3) David Edge indicated at the meeting last night that the CDHB keeps a vigilant eye on the council's water monitoring process. How does that happen?
CDHB are provided with the results of compliance testing that is undertaken on the HDC drinking-water supplies. In addition, CDHB undertake a range of audit and assessment activities to check HDC’s compliance with the Health Act and Drinking Water Standards. Council’s have the responsibility to proactively manage risks to their water supplies through their water safety plans.
4) High iron and calcium levels in the water were identified at last night's meeting as on-going problems with the Amberley/Leithfield water.
A) Is this a problem with drinking water in other areas of New Zealand, and overseas?
It is not an uncommon problem, particularly with groundwater. The degree of the problem is obviously dependent on the specific concentrations experienced.
B) What is the most likely, or possible, cause?
Iron is the fourth most abundant element by weight in the earth’s crust and therefore occurs commonly in soils and rocks. The presence of iron in groundwater is usually attributed to the dissolution of rocks and minerals.
In an untreated supply sourced from groundwater (such as Amberley), the principal source of Calcium will be from the water being in contact with sedimentary rock (dissolving the calcium content from the rock).
5) Levels of manganese contamination were also mentioned.
A) Is this a problem with drinking water in other areas of New Zealand, and overseas?
Much the same as iron – it is not an uncommon problem particularly with groundwater, both in New Zealand and overseas.
B) What would cause manganese contamination?
Manganese can reach the aquatic environment from the weathering of rocks and minerals and runoff from soils. Manganese is a significant constituent of particular types of rock, such as basalt.
3 February 2016
1 February 2016
We have started an on-going hydrant flushing program in an effort to improve water quality and clarity.
The list of hydrants below were flushed last Thursday (28 January), and we will be doing them again this Thursday (4 February) between 9 a.m. and 3 p.m. Our water officer will have the area marked with a cone and a sign identifying what’s going on. The water will be run to waste via the storm water drain system.
Disturbed sediment may result from the flushing, if you find this has happened at your property then please run a cold tap for a few minutes to clear this. Sometimes during the flushing program nearby residents may experience lower water pressure than normal, please note this will only be for a short time.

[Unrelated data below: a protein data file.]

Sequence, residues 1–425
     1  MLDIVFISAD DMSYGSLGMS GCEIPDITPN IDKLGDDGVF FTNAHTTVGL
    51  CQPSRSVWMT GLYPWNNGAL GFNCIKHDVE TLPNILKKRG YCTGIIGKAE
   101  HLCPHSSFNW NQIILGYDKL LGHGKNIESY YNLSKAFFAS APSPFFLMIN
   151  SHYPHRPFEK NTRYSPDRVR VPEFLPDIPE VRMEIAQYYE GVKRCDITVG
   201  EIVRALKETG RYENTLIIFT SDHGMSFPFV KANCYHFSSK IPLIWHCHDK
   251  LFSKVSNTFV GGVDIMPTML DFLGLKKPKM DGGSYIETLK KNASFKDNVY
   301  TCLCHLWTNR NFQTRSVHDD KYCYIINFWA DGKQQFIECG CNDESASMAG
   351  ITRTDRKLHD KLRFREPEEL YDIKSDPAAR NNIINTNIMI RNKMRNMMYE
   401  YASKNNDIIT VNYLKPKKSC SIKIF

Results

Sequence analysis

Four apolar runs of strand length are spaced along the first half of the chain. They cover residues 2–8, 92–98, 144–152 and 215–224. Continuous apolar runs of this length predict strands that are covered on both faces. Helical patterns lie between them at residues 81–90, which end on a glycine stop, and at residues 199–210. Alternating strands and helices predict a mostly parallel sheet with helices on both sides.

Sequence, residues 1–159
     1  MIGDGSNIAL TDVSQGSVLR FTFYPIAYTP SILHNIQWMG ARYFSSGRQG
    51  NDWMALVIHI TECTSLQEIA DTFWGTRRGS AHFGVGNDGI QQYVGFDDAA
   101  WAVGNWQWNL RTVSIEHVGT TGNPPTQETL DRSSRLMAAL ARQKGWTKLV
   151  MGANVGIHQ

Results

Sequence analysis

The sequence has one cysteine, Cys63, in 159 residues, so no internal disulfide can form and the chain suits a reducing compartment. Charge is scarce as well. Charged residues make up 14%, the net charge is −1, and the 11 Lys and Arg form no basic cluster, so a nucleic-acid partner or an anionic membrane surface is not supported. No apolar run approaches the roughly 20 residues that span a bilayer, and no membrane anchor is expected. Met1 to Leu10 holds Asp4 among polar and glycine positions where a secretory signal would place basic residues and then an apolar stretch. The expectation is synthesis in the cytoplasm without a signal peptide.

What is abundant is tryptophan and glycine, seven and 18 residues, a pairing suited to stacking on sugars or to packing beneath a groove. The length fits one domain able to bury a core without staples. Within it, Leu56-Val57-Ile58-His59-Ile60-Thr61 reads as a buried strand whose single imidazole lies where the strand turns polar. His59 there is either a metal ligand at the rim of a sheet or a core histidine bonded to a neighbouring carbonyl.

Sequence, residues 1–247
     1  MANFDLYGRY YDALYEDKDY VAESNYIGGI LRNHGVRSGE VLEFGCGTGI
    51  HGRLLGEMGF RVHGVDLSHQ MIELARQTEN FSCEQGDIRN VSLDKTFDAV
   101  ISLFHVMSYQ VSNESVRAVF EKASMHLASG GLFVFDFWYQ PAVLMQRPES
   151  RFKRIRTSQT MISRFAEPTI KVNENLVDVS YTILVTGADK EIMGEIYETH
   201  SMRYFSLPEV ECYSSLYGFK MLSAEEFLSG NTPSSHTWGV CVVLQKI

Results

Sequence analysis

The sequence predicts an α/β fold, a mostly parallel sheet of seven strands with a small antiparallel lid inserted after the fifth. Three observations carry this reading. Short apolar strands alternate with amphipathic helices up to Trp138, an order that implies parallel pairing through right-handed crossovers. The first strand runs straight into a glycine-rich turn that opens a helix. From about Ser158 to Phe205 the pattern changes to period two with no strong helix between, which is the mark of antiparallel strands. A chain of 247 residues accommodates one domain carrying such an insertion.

Thank you for your patience.
- Kowai Place
End of Osborne Road
End of Courage Road
End Of Hilton Drive
End of Douglas Road
Update January 2016
HDC has received reports from Amberley and Leithfield residents that water heater elements have been failing due to the hardness of the water. Considering the current hardness and the limited number of issues arising, it is unlikely that hardness is the cause. Extensive investigation has been carried out, and research has shown that element failure is due to a number of different reasons, with the primary reasons listed below;
The higher the temperature the quicker the corrosion. In general the chemical reactions, double their speed with every 20 degree rise in temperature
The sacrificial anode in the water heater is designed to corrode over the life of the cylinder in preference to the steel body or element of the water heater.
Water heater elements must never operate unless immersed in water. An element generates enough heat that it can burn through its copper core in under a minute if the heat does not transfer to water. Air pockets can develop should the hot water system not be bled when filling a tank.
A sudden voltage increase to the element caused by a power surge can be enough to burn out an element. All heating elements have a voltage rating. Voltages above this rating will burn out the element. Ensure the circuit breaker(s) (fuses) are correctly rated and functioning correctly.
Heavy gauge wires feed electricity to the elements. A poor connection, or a wire that has slipped off a terminal can cause an element to stop working. These conditions also pose a safety problem because they could lead to arcing, or grounding through metal on the tank.
These devices have a high limit switch that shuts off power to the elements when temperatures exceed normal. If they are not working properly they can increase water temperature expediting the corrosion process
The role of the dip tube is to direct incoming cold replacement water to the bottom of the tank for heating. If the dip tube is faulty, the cold incoming water mixes with the hot water at the top of the tank and could overwork the element
Because the water is moderately hard, we recommend that you use element types designed for hard water - element manufacturers recommend a titanium type element to prolong the life expectancy in areas where hard water is prevalent.
The drinking water standards for New Zealand 2005 (revised 2008) indicate a maximum guideline value of 200 mg/L and advises “high hardness causes scale deposition, scum formation. Low hardness (<100) may be more corrosive”